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This trail is actually composed of two trails: the 2-mile Rouge River Gateway Greenway and the 17.5-mile Hines Park Trail, which create a seamless 19.5-mile connection between Dearborn and Northville.
Starting at the Michigan Avenue trailhead in Dearborn, the Rouge River Gateway Greenway winds north through the University of Michigan–Dearborn campus for 2 miles. Just south is Henry Ford’s popular yesteryear tourist attraction, Greenfield Village, an 80-acre open-air museum featuring seven historic districts covering 300 years of American life.
Heading north toward the university, you’ll cross the Lower Rouge River and Fair Lane Drive, where the historic Henry Ford Estate sits to your left. The trail then runs along Fair Lane Drive and past the university and its affiliated environmental interpretive center, and then crosses the Rouge River again near Kingfisher Bluff—a bend in the river that is now a storm-water management project with an observation overlook and interpretive signage.
Crossing over Ford Road, the trail turns into the Hines Park Trail, which takes you 17.5 miles to Northville. Automotive history is not confined to Greenfield Village, as classic-car buffs tend to flock to Edward N. Hines Drive, which runs adjacent to the trail, for official and unofficial events; don’t be surprised to see Model T Fords and flashy cars of all vintages along this historic stretch of trail.
The trail travels through Wayne County’s linear Hines Park, which has a dog park and plentiful picnic facilities, gazebos, sports fields, exercise equipment, ponds, playgrounds, restrooms, and parking. Near the middle of the trail, just before reaching Ann Arbor Trail, is historic Nankin Mills, a gristmill turned natural and cultural interpretive center, which has indoor restrooms and tanks with local wildlife, such as turtles. You can rent bikes and Segways and purchase snacks at the private establishment next to the gristmill.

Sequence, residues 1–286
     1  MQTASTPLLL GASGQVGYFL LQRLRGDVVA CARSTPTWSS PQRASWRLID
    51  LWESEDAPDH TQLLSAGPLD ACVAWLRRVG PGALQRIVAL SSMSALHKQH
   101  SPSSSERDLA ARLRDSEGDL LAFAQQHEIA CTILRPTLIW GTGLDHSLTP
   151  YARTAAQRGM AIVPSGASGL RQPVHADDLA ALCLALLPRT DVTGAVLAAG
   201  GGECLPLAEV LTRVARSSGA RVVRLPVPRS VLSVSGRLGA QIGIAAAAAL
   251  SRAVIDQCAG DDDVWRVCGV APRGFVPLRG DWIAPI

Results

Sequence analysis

Before reaching mile 11, the trail intersects the 33.2-mile I-275 Metro Trail, which runs north to Novi and south to New Boston.
Restrooms and parking are accessible in very short intervals throughout the park, but water is less plentiful; those planning to travel the entire length of the park should bring a bottle and fill up when possible.
The trail repeatedly intersects the Rouge River—historically embattled by industrial waste but making a comeback (note that on portions of the trail near the river, flooding can be an issue). Although the river and woods create a nice backdrop, the trail runs next to the 40-mile-per-hour park road, Edward N. Hines Drive, for most of the way to Northville, creating not the away-from-it-all experience preferred by some trail users. However, its proximity to thousands of adjacent suburban homes makes it an ideal “close-to-home” gem for recreation, fitness, and travel.
To reach the southern trailhead in Dearborn from I-94 in Taylor, take Exit 204 for MI 39 N./Southfield Fwy. N. Merge onto Southfield Fwy. N. and go 2.5 miles. Take Exit 6 toward US 12/Michigan Ave., and go 0.2 mile. Merge onto Southfield Road, and go 0.3 mile. Take the ramp onto US 12 W./Michigan Ave. heading west, and go 1.4 miles. Turn right into the trailhead parking lot, which is located north of Dearborn Station.
To reach the northern trailhead in Northville from MI 14 in Plymouth, take Exit 20 for Sheldon Road, head north on Sheldon Road, and go 2.7 miles. Turn right onto Edward N. Hines Dr., and go 0.4 mile (you’ll pass W. Seven Mile Road on your left). Turn left into the parking lot. The northern endpoint is about 0.3 mile north on the Hines Park Trail.
The trail can also be accessed at many points along Edward N. Hines Dr. between Dearborn and Northville, with parking lots at frequent intervals.
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